France recalls Italy ambassador after worst verbal onslaught ‘since the war’

February 7, 2019

By John Irish and Michel Rose

PARIS (Reuters) – French President Emmanuel Macron’s government recalled its ambassador to Rome on Thursday in a move unprecedented since World War Two, saying it was fed up with “repeated, baseless” attacks by Italian political leaders against France.

The diplomatic blow, highly unusual among fellow members of the European Union, was announced by the foreign ministry in a statement. Diplomatic sources said Paris acted after a series of verbal assaults from Italy’s deputy prime ministers, capped by Luigi di Maio, head of the anti-establishment 5-Star movement, meeting this week with France’s “yellow vest” protesters, who have mounted a months-long anti-Macron campaign.

“France has been, for several months, the target of repeated, baseless attacks and outrageous statements,” the foreign ministry said.

“Having disagreements is one thing, but manipulating the relationship for electoral aims is another,” it added, calling Italy’s behaviour the worst of its kind since World War Two, when Benito Mussolini declared war on France in 1940.

While it is the first time that France has withdrawn its ambassador to Italy since 1945, it is not unprecedented among EU members. In 2016, Greece recalled its ambassador to Austria, and in 2017 Hungary withdrew its envoy to the Netherlands.

Relations between Italy and France, traditionally close allies, have grown increasingly tense since mid-2018, with Di Maio and his fellow deputy prime minister, Matteo Salvini, the leader of the far-right League party, firing pot-shots at Macron and France, mostly because of disagreements over migration policy.

Macron has at times responded, criticising Italy last June for its refusal to accept a boatload of migrants rescued in the Mediterranean, and taking aim at Rome’s public finances.

But in recent weeks the exchanges have grown sharper and more personal. Di Maio accused France last month of fuelling poverty in Africa, where it helps underpin a regional currency, suggesting it was a neo-colonial power.

Salvini accused France of exploiting the unrest in Libya to benefit oil company Total, which competes with Italy’s ENI in the development of regional energy assets. He also said he hoped Macron’s party would lose in European elections this year.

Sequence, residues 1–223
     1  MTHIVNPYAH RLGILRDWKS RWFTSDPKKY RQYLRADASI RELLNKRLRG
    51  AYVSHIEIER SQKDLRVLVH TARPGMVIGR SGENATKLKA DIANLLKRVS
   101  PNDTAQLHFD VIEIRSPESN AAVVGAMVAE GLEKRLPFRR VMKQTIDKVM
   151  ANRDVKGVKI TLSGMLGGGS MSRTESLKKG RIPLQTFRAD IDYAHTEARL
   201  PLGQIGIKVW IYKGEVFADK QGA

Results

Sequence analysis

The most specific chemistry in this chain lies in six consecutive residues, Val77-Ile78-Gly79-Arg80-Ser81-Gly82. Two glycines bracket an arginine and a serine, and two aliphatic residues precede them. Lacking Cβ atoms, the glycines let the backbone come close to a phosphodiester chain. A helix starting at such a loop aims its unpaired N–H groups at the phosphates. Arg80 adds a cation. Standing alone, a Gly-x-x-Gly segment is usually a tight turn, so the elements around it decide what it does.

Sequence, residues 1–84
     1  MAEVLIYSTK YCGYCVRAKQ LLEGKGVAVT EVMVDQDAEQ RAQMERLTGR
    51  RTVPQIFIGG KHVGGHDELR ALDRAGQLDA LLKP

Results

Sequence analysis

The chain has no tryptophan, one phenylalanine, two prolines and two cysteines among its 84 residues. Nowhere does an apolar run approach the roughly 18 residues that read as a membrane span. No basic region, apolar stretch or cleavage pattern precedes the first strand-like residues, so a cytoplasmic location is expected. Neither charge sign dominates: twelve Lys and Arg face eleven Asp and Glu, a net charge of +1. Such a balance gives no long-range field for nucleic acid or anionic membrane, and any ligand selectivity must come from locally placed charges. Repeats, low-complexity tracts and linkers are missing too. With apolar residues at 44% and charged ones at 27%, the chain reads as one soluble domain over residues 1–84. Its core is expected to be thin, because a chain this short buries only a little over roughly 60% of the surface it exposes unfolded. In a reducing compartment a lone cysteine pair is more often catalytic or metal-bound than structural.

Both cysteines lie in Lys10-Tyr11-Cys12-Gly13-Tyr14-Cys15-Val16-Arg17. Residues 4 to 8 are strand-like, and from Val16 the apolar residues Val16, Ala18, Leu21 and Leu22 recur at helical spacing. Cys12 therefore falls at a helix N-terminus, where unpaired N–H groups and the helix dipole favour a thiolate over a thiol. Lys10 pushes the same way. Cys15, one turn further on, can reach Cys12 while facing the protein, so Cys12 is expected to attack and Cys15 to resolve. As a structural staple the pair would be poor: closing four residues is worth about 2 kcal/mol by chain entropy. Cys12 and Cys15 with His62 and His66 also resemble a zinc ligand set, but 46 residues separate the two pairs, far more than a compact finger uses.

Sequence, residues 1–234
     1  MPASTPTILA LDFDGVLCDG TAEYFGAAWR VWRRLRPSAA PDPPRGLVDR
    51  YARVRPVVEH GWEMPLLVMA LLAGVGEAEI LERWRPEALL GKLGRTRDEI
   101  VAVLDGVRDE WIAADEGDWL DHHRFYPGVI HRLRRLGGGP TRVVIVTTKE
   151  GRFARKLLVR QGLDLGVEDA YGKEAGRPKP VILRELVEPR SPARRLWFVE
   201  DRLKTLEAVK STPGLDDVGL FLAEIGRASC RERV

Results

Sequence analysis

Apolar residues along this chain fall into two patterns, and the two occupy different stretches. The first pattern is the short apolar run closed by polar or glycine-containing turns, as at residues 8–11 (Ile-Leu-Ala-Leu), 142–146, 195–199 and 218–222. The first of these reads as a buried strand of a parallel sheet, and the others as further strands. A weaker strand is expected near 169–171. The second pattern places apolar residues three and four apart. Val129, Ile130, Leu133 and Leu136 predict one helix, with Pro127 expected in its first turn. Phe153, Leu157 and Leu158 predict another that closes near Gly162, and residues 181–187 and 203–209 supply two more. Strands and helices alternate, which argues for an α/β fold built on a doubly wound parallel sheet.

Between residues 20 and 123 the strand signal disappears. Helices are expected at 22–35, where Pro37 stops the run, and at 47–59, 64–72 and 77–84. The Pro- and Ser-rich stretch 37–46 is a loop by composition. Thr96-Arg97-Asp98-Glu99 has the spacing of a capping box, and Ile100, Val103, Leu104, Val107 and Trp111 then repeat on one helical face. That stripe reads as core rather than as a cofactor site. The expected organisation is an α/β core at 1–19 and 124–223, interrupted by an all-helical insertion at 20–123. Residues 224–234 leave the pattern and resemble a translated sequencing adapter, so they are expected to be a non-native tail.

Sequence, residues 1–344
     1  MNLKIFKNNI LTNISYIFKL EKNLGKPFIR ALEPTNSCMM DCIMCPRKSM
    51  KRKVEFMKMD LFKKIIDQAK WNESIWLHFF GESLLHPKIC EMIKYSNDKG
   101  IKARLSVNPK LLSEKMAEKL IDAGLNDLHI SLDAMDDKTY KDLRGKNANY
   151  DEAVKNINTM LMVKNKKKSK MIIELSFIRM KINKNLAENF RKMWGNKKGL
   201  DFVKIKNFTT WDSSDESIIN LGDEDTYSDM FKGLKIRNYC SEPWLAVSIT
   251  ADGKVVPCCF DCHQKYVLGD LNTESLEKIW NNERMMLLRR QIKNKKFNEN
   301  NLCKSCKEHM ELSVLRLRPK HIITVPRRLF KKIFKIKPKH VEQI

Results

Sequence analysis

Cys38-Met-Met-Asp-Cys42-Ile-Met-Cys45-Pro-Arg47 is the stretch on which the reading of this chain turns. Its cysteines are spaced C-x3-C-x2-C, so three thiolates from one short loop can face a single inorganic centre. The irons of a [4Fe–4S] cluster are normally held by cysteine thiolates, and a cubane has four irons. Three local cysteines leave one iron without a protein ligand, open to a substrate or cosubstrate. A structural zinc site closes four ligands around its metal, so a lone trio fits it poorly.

During a visit to Egypt last month, Macron sought to shrug off the sparring, dismissing Salvini and Di Maio’s comments as “insignificant” and adding that he dealt only with Prime Minister Giuseppe Conte.

Conte, a political unknown who became prime minister last year as a compromise between Salvini and Di Maio, was caught on video at last month’s World Economic Forum in Davos discussing the dispute with German Chancellor Angela Merkel.

Italian TV channel La 7 broadcast footage a week ago showing the two leaders talking at a bar, with Conte telling Merkel that Di Maio was intent on attacking France because he was down in the polls ahead of May’s European elections and needed an enemy.

“They are very worried because Salvini is at about 35 or 36 percent and they’re going down to about 26-27 percent,” Conte said to the chancellor, pointing out that Di Maio could not campaign on immigration as Salvini had that ground covered.

“So they say what are the issues that can help us during the campaign… In the political campaign our friend is Germany and so we had to do the campaign against France,” he said, prompting laughter from Merkel.


Salvini sought to calm the tone after France’s announcement on Thursday, saying he did not want to argue with France and was happy to meet Macron.

“We are ready and willing, with a constructive spirit, to turn the page for the good of our people,” he said in a statement.

However, he said France should address three “fundamental” issues: its policy of returning migrants to Italy, occasional border checks at the frontier, and the case of some 15 Italian leftists who have had refuge in France for decades.

Tension between the neighbours, who share more than 500 km (300 miles) of border across the Alps, has even affected business and investment. Plans to build a 25 billion euro rail tunnel from Turin to Lyon have run into trouble because Di Maio opposes them, while Salvini is an advocate.

Former Italian Prime Minister Paolo Gentiloni implicitly criticized Salvini and Di Maio for their attacks on Macron. “Sad to see a great country like Italy increasingly fragile and isolated,” he wrote on Twitter.

(Reporting by John Irish and Michel Rose in Paris and Crispian Balmer in Rome; Writing by Luke Baker; Editing by Frances Kerry)

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